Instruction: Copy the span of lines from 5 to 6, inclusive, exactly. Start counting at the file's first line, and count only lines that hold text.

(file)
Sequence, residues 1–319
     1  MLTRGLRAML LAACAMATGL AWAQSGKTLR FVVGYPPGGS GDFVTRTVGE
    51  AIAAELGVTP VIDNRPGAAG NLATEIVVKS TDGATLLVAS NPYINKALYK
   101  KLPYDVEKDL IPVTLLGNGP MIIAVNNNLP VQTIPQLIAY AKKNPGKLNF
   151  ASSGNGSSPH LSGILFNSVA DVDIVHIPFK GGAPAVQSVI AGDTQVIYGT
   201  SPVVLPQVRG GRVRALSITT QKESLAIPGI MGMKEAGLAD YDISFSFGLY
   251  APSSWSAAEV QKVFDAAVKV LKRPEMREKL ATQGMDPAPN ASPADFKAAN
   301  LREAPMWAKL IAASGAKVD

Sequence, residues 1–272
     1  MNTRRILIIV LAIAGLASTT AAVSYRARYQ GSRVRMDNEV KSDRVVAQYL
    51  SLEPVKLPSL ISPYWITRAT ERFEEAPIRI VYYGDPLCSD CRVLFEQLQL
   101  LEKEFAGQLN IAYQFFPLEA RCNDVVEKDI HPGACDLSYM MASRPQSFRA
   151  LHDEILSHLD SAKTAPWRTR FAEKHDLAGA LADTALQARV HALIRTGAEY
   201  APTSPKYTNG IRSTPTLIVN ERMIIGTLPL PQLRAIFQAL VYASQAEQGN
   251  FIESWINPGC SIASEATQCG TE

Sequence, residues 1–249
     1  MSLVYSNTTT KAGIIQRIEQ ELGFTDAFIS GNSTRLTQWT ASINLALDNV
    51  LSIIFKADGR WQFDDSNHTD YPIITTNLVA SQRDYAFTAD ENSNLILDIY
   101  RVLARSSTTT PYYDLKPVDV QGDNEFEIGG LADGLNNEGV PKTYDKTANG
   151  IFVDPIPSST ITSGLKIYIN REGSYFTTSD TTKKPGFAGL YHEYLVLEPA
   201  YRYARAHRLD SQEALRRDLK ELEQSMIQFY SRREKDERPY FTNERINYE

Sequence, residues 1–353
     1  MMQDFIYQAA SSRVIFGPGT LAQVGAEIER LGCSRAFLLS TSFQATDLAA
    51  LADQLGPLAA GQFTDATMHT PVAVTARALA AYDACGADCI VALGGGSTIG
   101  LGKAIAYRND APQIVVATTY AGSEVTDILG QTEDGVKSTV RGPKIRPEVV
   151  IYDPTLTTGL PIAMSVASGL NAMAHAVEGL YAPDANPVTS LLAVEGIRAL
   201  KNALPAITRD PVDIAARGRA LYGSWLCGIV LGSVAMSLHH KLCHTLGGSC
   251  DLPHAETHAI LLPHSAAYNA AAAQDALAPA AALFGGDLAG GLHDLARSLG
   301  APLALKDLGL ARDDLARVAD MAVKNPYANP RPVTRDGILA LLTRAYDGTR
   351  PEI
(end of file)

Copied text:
   151  ASSGNGSSPH LSGILFNSVA DVDIVHIPFK GGAPAVQSVI AGDTQVIYGT
   201  SPVVLPQVRG GRVRALSITT QKESLAIPGI MGMKEAGLAD YDISFSFGLY